One fad of the late '90s was strategic planning. Many enterprises embraced strategic planning in a big way-only to eliminate departments devoted to such planning when measurable results weren't immediately forthcoming. Since then, strategic planning as a concept has been relegated to the dustbins of management theory, along with such notions as "embracing chaos" and "re-engineering."
Yet, strategic planning does have its place. The issue is not whether long-range planning should be done at all; rather, it's what constitutes an appropriate planning horizon. Today, the market moves to the tempo of Moore's Law. If you can't execute within 18 months, then it probably isn't worth attempting to do so, since by the time you get something done, the situation you were responding to will almost certainly have changed.
Strategic planning, or what Martha Young and I call "Business Strategy" in our new book, "iExec Enterprise Essentials Companion Guide," is fundamental to business success. Businesses that are not actively assessing the market and their competitors, suppliers and customers will quickly be outmaneuvered by the competition.
Situation analysis is the first step
Business strategy begins with a situation analysis, where a company assesses its strengths, weaknesses, opportunities and threats. This is nothing more than the old SWOT Analysis with a twist. Modern businesses must also factor into this analysis the technical capabilities necessary to capitalize on any strengths or opportunities.
It is often not enough to have a good idea if there is no way to leverage that idea. Frequently, this requires automated solutions of one sort or another. Knowing what you have, and knowing what is required to convert that into leverageable advantages, is critical to success.
As we point out in our book, matching data processing and communications technology to business processes can be complex. One effective way to do this is to map out key business processes in terms of tasks that must be done to convert inputs to outputs. Key business processes are usually tied to the production of revenue.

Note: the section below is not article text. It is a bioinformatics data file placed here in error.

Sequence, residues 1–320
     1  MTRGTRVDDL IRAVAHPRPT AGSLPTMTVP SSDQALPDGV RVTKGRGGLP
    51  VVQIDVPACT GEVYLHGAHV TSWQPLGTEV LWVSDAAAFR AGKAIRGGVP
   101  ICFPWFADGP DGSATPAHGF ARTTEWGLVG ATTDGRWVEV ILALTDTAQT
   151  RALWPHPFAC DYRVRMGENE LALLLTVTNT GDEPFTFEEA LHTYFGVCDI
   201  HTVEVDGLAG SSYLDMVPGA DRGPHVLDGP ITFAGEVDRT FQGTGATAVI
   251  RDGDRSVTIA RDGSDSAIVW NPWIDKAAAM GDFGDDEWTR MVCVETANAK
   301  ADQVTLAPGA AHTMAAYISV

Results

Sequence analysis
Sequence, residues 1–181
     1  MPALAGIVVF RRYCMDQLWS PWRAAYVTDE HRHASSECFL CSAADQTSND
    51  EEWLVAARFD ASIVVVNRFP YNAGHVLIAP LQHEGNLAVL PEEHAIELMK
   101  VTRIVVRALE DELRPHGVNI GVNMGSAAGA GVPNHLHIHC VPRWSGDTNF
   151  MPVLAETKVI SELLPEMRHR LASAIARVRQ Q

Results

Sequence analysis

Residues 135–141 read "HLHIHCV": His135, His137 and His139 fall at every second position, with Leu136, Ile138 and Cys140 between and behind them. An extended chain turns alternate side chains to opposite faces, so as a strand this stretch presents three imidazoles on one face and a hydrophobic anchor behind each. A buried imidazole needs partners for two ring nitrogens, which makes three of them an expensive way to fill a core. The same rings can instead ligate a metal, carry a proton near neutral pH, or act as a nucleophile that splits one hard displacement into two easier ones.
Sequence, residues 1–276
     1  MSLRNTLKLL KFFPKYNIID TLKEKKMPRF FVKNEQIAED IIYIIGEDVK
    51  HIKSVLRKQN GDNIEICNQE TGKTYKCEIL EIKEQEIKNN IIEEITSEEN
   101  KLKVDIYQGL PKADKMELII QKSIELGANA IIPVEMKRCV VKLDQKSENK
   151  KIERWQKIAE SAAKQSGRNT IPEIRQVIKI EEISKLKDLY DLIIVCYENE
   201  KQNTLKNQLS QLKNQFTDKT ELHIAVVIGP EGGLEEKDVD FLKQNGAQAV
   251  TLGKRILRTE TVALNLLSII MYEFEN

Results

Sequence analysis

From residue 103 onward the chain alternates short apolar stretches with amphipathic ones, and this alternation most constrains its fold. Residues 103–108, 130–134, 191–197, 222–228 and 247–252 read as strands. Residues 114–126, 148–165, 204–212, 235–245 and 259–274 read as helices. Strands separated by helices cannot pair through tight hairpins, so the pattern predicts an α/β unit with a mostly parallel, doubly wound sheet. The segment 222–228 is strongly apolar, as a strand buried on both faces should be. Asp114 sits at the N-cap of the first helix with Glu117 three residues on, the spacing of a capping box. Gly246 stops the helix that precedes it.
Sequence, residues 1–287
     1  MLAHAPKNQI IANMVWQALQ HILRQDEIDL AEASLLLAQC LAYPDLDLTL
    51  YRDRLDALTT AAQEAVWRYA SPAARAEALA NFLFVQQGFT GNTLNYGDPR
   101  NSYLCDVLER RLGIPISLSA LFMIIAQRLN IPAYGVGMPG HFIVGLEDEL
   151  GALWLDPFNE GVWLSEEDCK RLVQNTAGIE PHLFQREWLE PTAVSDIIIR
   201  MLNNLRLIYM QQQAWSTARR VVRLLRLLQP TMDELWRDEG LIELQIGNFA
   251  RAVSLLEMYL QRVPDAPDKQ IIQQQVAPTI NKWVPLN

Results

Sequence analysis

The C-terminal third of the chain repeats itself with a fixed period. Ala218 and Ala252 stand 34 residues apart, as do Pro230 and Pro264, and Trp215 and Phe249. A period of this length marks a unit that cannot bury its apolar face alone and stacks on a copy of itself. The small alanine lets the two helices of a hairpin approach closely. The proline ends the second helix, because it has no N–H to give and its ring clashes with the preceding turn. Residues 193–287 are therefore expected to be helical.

Identify tasks needing improvement
Once the key processes are mapped, and the tasks necessary to carry them out are known, it is relatively easy to identify the tasks that are most easily improved through data processing or communications. These are typically ones where there is heavy interaction between different groups of people, or between people and data.
Key tasks can be telemetered to assess the capability and throughput that each can achieve. These metrics form the basis for defining process inefficiencies that need to be addressed in any strategy. For example, suppose a particular task is to assess a customer need and then make recommendations for improvements. Further suppose that this task takes a week. One way to improve it could be to cut the time it takes down to just a day, through the use of collaboration applications over the Internet. Any strategy should include the deployment of such applications.
Articulate a vision statement
Armed with a complete SWOT and technology opportunities, the last step is to articulate the strategy in terms of a vision statement for each section of the SWOT. Under "Strengths," for example, might be your company's ability to offer personalized service. This is threatened by large retailers' bulk buyers discount and credit programs. The strategic response is to develop an online order tracking tool for company retailers to track their orders to retain customer loyalty. The overall strategy becomes the collection of all of the responses to threats and opportunities.
In the final analysis, building a strategy is nothing more than inventorying the critical business processes, key business strengths and weaknesses, and technology assets necessary (or lacking) to enable revenue generation in the future. Most businesses do this, but most do not do it well. The key is to use a structured approach combined with good market telemetry and a strong business process focus.